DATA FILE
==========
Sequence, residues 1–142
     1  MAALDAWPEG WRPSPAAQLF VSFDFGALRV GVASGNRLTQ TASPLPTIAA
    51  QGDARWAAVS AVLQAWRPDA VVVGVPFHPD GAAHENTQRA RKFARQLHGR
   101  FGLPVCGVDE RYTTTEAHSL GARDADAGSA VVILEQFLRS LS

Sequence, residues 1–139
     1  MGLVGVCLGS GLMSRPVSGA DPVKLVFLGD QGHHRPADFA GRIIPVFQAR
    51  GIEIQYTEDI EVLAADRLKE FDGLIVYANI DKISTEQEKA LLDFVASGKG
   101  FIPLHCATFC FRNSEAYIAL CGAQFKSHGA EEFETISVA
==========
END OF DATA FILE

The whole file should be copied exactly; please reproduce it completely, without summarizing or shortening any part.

Sequence, residues 1–142
     1  MAALDAWPEG WRPSPAAQLF VSFDFGALRV GVASGNRLTQ TASPLPTIAA
    51  QGDARWAAVS AVLQAWRPDA VVVGVPFHPD GAAHENTQRA RKFARQLHGR
   101  FGLPVCGVDE RYTTTEAHSL GARDADAGSA VVILEQFLRS LS

Sequence, residues 1–139
     1  MGLVGVCLGS GLMSRPVSGA DPVKLVFLGD QGHHRPADFA GRIIPVFQAR
    51  GIEIQYTEDI EVLAADRLKE FDGLIVYANI DKISTEQEKA LLDFVASGKG
   101  FIPLHCATFC FRNSEAYIAL CGAQFKSHGA EEFETISVA